In the morning my plan to pee at the nearby Walmart or Starbucks was foiled. Both were in a level 2 evacuation zone (I later learned, as this wasn’t posted anywhere), but it meant that nothing was open. I watched dozens of people sadly circle these stores and leave. My good spirits began to crumble. The day was going to be hot. I couldn’t drive around with Sophia forever. Intuition kept repeating the name of a friend in Medford–whose number I’d forgotten I had in my phone (me who prefers email and rarely calls or texts anyone). Generously MJ rescued me. As did so many others, all over the valley, who were opening their homes to fire refugees.
While the official people failed us at many turns, average citizens, through social media and other means became the heroes. They snuck into the fire zones and took videos of the streets, so that people could see whether or not their house survived (that’s how I learned my home was safe). They created go-fund-me pages, organized donation centers, and handed out food; neighbor helping neighbor. As heart-breaking as the loss and devastation are, the outpouring of support has been so heart-fueling. It’s an affirmation that love is real and people are basically good.
If only we can muster that same love to save our collective home, this blue jewel of a planet. May we find the marut inside to turn back climate change. Mars is rooting for us. “Wake up,” he says, “wake up!”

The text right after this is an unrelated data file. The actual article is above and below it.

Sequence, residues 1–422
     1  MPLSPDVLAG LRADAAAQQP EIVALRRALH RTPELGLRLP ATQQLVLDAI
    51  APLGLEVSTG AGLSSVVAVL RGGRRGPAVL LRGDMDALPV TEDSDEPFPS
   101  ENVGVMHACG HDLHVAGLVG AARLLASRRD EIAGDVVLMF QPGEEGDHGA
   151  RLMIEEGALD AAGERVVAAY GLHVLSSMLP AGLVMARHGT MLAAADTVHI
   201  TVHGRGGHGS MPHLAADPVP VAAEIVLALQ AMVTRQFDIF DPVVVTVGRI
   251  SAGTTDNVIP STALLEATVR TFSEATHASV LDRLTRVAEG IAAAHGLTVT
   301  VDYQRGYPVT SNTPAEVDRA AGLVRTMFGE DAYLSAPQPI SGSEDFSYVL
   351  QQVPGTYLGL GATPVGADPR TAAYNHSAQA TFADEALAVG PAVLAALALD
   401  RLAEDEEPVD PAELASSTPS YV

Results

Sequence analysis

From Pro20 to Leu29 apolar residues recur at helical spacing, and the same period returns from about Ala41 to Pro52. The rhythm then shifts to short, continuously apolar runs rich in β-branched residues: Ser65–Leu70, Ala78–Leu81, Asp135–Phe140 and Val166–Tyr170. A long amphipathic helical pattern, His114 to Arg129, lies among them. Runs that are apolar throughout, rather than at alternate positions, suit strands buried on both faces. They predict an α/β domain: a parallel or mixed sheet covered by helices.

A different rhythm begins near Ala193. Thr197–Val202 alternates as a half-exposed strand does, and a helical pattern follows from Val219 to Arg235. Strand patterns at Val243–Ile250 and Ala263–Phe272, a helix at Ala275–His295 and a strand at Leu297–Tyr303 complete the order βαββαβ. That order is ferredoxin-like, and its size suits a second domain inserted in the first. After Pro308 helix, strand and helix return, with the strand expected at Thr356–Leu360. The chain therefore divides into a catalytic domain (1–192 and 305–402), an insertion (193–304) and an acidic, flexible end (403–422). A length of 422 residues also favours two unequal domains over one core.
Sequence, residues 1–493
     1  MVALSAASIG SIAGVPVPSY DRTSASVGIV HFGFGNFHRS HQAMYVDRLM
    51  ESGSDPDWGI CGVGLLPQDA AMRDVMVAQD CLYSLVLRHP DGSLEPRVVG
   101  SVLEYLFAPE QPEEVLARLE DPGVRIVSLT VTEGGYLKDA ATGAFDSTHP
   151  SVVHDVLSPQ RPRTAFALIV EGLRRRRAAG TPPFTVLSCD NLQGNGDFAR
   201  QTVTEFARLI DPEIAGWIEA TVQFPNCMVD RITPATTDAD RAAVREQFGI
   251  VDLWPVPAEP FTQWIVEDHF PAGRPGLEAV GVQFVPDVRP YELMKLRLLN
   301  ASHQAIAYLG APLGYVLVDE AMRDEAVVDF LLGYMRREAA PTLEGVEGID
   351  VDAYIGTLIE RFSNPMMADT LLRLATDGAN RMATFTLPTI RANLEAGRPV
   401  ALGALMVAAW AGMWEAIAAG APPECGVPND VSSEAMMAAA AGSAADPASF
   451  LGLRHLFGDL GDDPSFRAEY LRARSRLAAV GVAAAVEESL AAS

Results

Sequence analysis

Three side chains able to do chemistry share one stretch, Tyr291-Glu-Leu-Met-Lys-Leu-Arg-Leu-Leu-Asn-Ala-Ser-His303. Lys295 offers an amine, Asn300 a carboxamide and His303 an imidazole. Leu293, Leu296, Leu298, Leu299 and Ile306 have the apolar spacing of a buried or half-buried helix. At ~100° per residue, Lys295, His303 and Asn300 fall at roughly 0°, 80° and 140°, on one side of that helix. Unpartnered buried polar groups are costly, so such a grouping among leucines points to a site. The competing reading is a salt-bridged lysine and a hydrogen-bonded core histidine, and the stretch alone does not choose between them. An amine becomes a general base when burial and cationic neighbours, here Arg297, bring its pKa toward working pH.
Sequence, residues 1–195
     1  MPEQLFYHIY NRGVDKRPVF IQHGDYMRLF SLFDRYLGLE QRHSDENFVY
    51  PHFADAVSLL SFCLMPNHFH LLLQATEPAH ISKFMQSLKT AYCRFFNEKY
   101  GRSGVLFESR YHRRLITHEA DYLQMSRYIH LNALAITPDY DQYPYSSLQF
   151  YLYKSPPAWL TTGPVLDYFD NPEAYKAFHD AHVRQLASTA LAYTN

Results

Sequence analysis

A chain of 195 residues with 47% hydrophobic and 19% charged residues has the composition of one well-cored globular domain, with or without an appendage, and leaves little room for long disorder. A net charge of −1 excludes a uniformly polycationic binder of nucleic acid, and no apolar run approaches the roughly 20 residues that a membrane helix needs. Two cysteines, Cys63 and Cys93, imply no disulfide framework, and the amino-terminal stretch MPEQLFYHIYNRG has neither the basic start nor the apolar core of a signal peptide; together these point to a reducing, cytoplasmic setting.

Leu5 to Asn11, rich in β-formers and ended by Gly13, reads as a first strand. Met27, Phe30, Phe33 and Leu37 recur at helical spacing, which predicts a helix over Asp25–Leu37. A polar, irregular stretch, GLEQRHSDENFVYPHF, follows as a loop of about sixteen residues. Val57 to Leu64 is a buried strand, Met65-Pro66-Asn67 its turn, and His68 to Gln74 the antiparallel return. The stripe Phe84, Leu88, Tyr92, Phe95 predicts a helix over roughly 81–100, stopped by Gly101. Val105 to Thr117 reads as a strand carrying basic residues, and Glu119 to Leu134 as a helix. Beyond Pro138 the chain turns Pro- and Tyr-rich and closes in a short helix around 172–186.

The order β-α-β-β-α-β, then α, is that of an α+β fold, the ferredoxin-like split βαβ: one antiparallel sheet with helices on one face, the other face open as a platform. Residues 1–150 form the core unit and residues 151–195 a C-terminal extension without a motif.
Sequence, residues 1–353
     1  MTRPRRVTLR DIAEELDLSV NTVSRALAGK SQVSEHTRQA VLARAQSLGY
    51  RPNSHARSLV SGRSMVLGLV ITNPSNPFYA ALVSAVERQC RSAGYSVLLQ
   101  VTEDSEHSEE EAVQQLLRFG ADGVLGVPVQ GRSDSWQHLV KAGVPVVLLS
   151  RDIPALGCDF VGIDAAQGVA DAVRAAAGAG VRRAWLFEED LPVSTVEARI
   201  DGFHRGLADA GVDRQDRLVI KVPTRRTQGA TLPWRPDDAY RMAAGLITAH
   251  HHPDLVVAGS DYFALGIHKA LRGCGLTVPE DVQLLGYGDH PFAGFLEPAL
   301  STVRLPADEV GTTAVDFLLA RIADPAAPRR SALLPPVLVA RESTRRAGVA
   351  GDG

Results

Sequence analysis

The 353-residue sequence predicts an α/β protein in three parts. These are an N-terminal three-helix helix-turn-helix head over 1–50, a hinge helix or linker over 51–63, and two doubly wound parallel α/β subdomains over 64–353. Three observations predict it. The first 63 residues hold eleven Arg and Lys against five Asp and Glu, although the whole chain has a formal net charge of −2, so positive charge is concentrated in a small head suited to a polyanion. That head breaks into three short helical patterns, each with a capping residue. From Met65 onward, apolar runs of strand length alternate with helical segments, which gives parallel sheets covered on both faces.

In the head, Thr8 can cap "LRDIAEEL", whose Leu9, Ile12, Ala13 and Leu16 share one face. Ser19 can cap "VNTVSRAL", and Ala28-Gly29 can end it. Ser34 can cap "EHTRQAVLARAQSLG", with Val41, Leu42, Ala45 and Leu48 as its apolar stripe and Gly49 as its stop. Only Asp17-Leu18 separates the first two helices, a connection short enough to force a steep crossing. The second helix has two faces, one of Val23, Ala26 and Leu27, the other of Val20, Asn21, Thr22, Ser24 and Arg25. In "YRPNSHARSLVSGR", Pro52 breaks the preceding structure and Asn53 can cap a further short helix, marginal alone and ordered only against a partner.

Coda: Marking how intuition speaks
The night before the fire, the Eastern winds were wilder than anything I’d ever known in 20 years in Southern Oregon. Thinking back to the Santa Ana winds of my California childhood, that morning at the dog park I told my friend Bill (without any sense of premonition), “It just feels dangerous today—like the kind of day when a fire could take down a whole neighborhood.” A week earlier, in the hall going to my bedroom, I had a brief sense of catastrophe—I saw emergency vehicles in the park behind my house. Maybe a future earthquake, I thought.
That’s how intuition speaks to me—not with clarity and precision, as in, “On Tuesday September 8 a wildfire will come up your street.” That would not be useful to me. What would I do with this info? Check my homeowners policy? Pack a go bag? Inform the authorities? We all know how things went for Cassandra.
As it is with many people, my intuition is softer and more mysterious, also more loving. I can see now that (along with the random Sanskrit word marut), she was gently conditioning my psyche, emotionally rehearsing me without alarming me, so that when it all went down—me being a mostly deer-in-the-headlights type–I could show up more quickly.
I often tell my clients to study the patterns of their own intuition. Like mine, yours reveals herself to you continually. She is a friend who is always near, if the crowded mind can just get silent (this is of course the primary benefit of meditation). Intuition affirms that we’re not alone in this life. There are always angels whispering in our ears if we but listen.
* From the wonderful Lorin Roche’s The Radiance Sutras, p. 182.